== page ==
North Carolina church continues veterans ministry amid COVID-19

North Carolina church continues veterans ministry amid COVID-19

by
Daniel Sperry for Nazarene News
| 15 May 2020
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Veterans

Statesville Church of the Nazarene has ministered to local veterans in a variety of ways over the past 20 years, and Pastor Frank Turner has sought ways to continue that ministry amid the COVID-19 outbreak.

One of the church’s main outreaches is a bi-weekly food pantry that is part of the Piedmont Veterans Assistance Council (PVAC), an organization Turner helped start. It facilitates four different food pantries across Iredell County. The food pantry is filled with donations from the local grocery stores and a local food bank. Recently, Turner said they picked up nearly 3,000 pounds of donated food.

Turner is a combat veteran himself, having served in the Vietnam War. His own experiences are one reason he sought to continue his ministry during this time.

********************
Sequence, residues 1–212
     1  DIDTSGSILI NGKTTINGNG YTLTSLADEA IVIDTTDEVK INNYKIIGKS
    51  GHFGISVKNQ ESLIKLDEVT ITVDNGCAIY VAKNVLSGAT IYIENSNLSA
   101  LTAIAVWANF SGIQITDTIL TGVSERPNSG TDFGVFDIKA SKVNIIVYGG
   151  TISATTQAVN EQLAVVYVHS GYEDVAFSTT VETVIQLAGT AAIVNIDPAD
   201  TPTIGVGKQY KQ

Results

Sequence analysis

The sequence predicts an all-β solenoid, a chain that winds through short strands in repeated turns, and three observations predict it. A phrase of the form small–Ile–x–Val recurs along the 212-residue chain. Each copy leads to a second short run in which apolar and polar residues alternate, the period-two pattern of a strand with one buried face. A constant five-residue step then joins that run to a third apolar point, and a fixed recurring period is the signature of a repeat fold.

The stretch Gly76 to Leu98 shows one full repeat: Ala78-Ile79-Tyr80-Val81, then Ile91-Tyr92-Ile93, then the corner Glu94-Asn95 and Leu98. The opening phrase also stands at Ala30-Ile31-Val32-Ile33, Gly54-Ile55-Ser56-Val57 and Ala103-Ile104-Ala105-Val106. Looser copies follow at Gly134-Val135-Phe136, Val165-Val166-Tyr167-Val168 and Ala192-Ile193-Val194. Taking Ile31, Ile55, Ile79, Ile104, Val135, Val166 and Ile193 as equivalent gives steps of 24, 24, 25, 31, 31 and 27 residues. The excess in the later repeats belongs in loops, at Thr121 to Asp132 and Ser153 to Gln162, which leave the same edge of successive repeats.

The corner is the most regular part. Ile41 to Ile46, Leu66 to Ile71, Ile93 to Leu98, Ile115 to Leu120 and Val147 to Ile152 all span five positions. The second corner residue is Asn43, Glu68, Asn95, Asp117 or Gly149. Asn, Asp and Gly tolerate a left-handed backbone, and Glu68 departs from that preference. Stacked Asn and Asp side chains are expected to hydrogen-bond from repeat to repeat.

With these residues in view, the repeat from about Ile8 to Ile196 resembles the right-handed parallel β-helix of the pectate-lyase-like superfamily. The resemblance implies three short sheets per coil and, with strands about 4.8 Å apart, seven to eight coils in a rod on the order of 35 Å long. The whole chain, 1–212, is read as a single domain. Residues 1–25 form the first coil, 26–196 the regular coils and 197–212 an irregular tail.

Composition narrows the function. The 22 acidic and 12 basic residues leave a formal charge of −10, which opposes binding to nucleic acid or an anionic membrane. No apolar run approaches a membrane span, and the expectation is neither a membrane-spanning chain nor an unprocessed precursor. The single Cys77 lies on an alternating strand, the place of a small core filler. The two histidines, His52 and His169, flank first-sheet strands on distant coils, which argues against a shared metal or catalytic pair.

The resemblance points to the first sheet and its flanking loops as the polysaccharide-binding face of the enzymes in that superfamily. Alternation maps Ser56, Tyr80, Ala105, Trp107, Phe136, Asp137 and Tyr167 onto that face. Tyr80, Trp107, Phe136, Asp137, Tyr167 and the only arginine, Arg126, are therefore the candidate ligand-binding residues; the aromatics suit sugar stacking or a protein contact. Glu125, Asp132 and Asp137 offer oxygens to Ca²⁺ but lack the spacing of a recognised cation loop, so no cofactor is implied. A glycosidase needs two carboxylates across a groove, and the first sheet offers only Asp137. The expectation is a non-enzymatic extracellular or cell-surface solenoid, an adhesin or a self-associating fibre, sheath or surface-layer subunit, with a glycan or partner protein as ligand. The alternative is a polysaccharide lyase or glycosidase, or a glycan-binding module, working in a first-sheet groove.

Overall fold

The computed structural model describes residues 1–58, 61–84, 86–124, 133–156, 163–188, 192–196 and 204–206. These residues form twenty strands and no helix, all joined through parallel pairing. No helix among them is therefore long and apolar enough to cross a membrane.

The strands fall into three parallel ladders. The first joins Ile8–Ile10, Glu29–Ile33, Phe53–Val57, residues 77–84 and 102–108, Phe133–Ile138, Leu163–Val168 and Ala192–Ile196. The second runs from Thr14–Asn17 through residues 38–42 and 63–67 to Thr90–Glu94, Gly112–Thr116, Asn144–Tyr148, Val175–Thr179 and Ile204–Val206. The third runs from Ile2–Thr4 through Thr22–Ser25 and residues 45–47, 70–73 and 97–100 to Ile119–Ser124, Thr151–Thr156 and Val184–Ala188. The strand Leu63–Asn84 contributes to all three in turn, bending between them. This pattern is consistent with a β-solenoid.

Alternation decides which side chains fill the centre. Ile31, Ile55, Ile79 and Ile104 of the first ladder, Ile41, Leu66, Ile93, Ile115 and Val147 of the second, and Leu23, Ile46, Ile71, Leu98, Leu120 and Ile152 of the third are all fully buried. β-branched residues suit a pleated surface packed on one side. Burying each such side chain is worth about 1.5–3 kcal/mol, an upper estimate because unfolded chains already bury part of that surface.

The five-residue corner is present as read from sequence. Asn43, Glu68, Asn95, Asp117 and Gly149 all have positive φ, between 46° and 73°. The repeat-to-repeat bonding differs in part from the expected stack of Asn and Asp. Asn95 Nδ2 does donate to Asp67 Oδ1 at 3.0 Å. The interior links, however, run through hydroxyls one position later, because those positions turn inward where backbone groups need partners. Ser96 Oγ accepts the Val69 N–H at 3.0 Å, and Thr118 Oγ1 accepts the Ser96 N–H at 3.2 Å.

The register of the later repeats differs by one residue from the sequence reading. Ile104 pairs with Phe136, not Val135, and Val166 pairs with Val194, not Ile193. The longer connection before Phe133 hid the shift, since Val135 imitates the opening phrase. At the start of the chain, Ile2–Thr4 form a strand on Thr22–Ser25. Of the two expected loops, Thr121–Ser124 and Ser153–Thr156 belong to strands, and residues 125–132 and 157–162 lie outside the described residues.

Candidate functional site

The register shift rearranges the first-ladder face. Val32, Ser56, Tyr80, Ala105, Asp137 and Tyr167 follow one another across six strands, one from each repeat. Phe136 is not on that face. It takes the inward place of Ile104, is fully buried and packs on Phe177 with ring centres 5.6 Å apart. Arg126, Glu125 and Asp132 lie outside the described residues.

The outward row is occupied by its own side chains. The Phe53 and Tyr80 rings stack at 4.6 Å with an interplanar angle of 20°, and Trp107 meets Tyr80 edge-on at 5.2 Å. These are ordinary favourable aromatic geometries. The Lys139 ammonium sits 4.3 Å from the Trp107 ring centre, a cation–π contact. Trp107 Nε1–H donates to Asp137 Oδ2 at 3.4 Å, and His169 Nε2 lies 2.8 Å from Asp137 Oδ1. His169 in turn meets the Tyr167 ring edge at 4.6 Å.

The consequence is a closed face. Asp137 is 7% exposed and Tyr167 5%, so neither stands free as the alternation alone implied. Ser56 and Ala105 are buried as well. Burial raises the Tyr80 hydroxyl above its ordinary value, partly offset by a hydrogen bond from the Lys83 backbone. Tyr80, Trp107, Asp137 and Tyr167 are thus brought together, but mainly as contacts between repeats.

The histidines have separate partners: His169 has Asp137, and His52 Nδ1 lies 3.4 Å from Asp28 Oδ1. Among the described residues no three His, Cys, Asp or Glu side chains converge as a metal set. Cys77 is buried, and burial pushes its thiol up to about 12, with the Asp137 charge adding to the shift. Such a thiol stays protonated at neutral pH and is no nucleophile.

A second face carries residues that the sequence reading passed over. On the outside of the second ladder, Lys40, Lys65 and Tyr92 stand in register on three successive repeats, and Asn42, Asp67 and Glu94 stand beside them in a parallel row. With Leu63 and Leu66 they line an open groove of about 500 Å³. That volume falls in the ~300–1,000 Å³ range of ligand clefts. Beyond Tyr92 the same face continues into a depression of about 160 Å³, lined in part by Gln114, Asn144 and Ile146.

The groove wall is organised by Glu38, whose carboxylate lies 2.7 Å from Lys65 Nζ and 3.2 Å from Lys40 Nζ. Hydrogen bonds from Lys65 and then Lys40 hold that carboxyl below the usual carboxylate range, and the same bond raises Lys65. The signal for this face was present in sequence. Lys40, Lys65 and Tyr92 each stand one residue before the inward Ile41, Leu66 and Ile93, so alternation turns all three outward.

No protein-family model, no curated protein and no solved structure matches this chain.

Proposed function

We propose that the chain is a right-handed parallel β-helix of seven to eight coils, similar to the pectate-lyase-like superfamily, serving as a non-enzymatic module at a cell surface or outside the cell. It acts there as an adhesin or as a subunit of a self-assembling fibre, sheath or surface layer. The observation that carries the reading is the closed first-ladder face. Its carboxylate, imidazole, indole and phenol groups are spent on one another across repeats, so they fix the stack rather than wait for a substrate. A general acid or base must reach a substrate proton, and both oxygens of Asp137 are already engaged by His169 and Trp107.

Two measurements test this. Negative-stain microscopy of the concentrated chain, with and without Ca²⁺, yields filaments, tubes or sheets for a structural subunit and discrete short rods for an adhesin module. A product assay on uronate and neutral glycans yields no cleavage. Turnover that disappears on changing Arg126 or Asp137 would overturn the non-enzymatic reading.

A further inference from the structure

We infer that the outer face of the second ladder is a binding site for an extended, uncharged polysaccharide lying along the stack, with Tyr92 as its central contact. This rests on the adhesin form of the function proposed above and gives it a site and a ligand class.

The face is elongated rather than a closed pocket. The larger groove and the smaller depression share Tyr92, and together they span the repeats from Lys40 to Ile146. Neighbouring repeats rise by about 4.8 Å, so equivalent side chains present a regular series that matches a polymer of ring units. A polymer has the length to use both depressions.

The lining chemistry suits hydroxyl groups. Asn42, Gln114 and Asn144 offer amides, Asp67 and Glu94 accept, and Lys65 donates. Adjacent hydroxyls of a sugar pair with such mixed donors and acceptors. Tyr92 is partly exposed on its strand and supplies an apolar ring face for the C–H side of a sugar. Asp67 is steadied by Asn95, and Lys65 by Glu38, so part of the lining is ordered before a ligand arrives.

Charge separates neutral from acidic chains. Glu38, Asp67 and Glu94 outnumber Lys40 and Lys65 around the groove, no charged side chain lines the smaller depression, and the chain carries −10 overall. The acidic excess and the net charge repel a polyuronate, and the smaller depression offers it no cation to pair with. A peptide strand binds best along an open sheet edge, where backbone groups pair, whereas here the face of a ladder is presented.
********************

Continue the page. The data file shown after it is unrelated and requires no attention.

“Veterans need consistency if they’re going to turn their situation around,” he said. “We don’t [hold the food pantry] once a year or every three months. We do this every Tuesday and every Friday.”

Turner has made sure to stay aligned with CDC, North Carolina, and federal protocols, mandating only two at a time in the food pantry and requiring social distancing while waiting in line to access the pantry.

The food pantry isn’t Turner’s only way of meeting with the veterans. He has frequented many other events and meetings for veterans, hoping to help them through their struggles to adapt to society after serving their country and point them to God as a source of healing from their pain. 

With 19,000 veterans in Iredell County, Turner comes across veterans in many different situations. He frequently sees veterans suffering from post-traumatic stress disorder (PTSD), guilt regarding things that happened in combat, suicidal thoughts, and more. He has helped talk an individual down from suicide and has counseled others who have survived suicide attempts. 

He believes being consistent in keeping up with conversations, the familiarity between one another, and helping provide for them are approaches that help make a breakthrough for these veterans.

“It’s important that I put legs on what I say I’m doing,” Turner said. “In other words, put words into action.”

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